Digital transactions have gained a significant boost from the Covid-19 pandemic, benefiting businesses and consumers alike, but the increased uptake has also raised cybercrime risks.
Pandemic-related lockdowns have created so much demand for fast, efficient and safe financial transactions that one e-money issuer saw a 1,000 percent year-on-year increase in remittances, the Better Than Cash Alliance has said.
Some large retailers are also experiencing 2 to 3 million more monthly site visits relative to the first quarter of 2020 while Bangko Sentral ng Pilipinas (BSP)-supervised financial institutions (BSFIs) acquired five times as many merchants in the first half of 2020 as they did in all of 2018.
The country's biggest banks have reported increased transactions via their digital channels. Bank of the Philippine Islands (BPI), for example, has said that at the height of the lockdowns, electronic channels accounted for up to 95.1 percent of all transaction, up significantly from the prepandemic 85.2 percent. With the lockdowns having eased, the number is holding at 92.3 percent, it claimed.
The downside is that cybercriminals are also taking advantage of the massive shift to digital, with the BSP saying in March that the banking sector was facing the highest level of threat from cybercrime and violations of the Electronic Commerce Act of 2000. In addition, phishing incidents remained the top cybersecurity concern for BSFIs last year, it added.
"Given this evolving threat, the BSP in close collaboration with BSFIs, remains on the lookout for social engineering attacks such as phishing and online scams, wherein fraudsters lure BSFIs' employees, customers, business partners and suppliers, among others, to give out their account details and other sensitive personal information," the central bank told The Manila Times.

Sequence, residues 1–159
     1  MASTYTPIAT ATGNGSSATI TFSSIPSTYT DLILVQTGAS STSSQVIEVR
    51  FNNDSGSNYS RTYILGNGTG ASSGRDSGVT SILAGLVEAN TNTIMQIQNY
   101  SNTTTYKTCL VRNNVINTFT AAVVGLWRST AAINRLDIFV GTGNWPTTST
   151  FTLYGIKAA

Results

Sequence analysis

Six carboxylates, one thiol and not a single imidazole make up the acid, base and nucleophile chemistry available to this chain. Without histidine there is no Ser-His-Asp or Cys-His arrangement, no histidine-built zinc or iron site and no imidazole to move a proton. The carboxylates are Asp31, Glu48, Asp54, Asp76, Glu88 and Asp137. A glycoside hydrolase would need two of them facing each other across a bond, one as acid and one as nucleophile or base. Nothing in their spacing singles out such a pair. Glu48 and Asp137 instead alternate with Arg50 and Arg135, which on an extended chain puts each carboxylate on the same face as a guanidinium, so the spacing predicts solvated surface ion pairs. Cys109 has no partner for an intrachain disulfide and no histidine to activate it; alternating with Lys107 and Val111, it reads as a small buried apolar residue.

Its cybersecurity surveillance, the BSP added, includes monitoring potential attacks that may have geopolitical motivations.
"To enhance overall situational awareness and proactive response to cyber-incidents, the BSP urges BSFIs to remain vigilant and to constantly improve cybersecurity defenses and capabilities necessary to combat highly evolving and sophisticated cyber threats, including those perpetrated by advanced threat actors or nation-states," it said.
Underscoring the importance of cyber resilience and multilayered controls, the BSP said its regulatory and supervisory framework prescribes relevant anti-money laundering and terrorist financing standards such as the use of stringent levels of verification during digital know-your-customer procedures, activation of fraud management rules and systems, and timely submission of suspicious transaction reports.
The central bank added that it was also continuously enhancing its risk-based supervision so that appropriate supervisory and policy responses are crafted depending on the size, nature, and magnitude of cyber risks facing BSFIs.
"Moreover, we continue to engage and have a healthy dialogue on cybersecurity promotion and operational resilience with supervised institutions, other financial regulators and other stakeholders."